Welcome to Fearless Formula Feeder Fridays, a weekly guest post feature that strives to build a supportive community of parents united through our common experiences, open minds, and frustration with the breast-vs-bottle bullying and bullcrap.

Please note, these stories are for the most part unedited, and do not necessarily represent the FFF’s opinions. They also are not political statements – this is an arena for people to share their thoughts and feelings, and I hope we can all give them the space to do so.

I recently discovered a fantastic parenting blog, School of Smock, which discusses many facets of childrearing (education, health, discipline, etc.) and manages to balance solid research-based analysis with wit and warmth. I’m thrilled that Jessica, the blogger behind this site, has decided to share her story for this week’s FFF Friday. 

It’s interesting that Jessica only started questioning her choices when confronted with the opinions and suggestions of other mothers. As someone who is clearly educated on how to read research, I’m sure Jessica was able to (quite wisely) rationalize her decision to formula feed. But even if you know in your head that you made an informed and reasonable choice, it’s so easy as a new mom to let your heart convince you otherwise. We question ourselves; we need validation. The power of our peers is not something to take lightly, and to have someone tell you that it’s a “shame” you aren’t doing something you tried very hard to do is just plain rude. And hurtful. 

Infant feeding, along with birth culture, are the first things that both unite and divide us as new moms. Imagine how our support networks – and perspectives –  could expand if we could all take it down a notch and realize that these issues are but a tiny blip on the parenting screen. 

Happy Friday, fearless ones,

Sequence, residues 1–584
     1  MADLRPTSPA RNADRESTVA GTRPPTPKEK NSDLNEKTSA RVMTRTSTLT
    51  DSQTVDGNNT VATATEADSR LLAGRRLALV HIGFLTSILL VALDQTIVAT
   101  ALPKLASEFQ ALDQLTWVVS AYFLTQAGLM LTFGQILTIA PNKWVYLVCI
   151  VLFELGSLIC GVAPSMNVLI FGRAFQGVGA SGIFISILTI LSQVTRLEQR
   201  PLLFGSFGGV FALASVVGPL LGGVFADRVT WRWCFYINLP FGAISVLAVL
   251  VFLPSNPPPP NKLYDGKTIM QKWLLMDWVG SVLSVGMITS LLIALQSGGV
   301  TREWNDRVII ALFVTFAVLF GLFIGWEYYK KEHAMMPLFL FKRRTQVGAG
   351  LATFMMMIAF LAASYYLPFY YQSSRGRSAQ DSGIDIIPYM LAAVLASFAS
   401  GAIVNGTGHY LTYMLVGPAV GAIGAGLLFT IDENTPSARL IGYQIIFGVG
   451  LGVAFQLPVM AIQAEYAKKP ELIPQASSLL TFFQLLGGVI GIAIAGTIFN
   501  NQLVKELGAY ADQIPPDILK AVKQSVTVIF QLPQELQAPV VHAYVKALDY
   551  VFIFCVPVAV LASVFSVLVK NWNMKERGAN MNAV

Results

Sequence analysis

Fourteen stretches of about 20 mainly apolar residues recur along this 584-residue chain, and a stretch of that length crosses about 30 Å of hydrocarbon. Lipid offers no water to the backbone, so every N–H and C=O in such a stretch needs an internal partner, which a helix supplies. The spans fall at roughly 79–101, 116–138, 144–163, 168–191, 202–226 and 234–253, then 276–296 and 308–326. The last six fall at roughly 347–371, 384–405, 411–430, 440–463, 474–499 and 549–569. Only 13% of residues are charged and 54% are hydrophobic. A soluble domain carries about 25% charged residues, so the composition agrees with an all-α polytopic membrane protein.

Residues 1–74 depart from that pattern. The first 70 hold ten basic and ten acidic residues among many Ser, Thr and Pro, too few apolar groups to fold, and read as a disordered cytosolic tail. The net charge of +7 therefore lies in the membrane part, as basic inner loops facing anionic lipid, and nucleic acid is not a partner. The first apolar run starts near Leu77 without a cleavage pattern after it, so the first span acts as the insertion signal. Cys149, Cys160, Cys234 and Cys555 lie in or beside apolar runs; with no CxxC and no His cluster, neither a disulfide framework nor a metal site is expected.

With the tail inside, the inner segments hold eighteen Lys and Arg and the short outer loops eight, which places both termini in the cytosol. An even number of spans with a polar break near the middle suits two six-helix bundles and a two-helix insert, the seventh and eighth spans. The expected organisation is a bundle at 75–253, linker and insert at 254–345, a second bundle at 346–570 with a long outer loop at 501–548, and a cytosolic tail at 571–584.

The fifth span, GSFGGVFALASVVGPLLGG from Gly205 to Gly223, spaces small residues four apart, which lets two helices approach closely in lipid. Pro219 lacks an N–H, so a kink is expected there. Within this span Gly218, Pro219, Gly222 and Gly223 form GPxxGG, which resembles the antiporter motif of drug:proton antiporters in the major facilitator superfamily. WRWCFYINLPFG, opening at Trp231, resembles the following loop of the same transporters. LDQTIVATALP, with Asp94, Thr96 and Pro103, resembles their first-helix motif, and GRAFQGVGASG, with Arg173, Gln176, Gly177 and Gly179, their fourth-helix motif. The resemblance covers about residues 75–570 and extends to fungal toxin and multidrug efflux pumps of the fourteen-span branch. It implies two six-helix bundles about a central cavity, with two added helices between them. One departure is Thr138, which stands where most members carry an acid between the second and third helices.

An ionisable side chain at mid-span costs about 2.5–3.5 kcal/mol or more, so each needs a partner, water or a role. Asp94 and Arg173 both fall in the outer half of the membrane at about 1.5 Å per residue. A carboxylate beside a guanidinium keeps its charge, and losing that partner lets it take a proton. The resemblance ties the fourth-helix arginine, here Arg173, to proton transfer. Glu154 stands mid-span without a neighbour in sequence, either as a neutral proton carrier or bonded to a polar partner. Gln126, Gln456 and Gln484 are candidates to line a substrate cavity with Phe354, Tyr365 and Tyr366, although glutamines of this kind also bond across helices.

Jessica’s Story

I planned on breastfeeding and bought every conceivable preparation tool and resource — from two different breastfeeding pillows, books, nursing bras, nursing pajamas and shirts, breast pumps, creams.  I asked our birth doula about getting breastfeeding support after the baby was born.  I was intimidated by the idea of it, but I was committed to trying it.  After an emergency c-section — that even my doulas said was absolutely necessary because my son’s umbilical cord was too short, a fact which caused his heart rate to drop — breastfeeding started much better than I had hoped.  My milk came in quickly, I had a lot of wonderful support at the hospital from lactation consultants, and soon the delivery nurses said we were the only c-section delivery in the whole hospital in which we were nursing successfully.
But after a few weeks, things were not going so smoothly.  I developed a yeast infection and blocked ducts that, according to the lactation consultant that I hired to help, were caused by my son’s newly “bad latch.”  I was in constant pain, and no one could figure out — not the lactation consultants or doulas — how to change my son’s “barracuda” latch.  Then my son started spitting up and screaming afterwards, often on me even when I was nursing, and he was always hungry, always.  He cried all day long.  I would read descriptions of colic in my baby books and thought that colic sounded much better than whatever was bothering my son.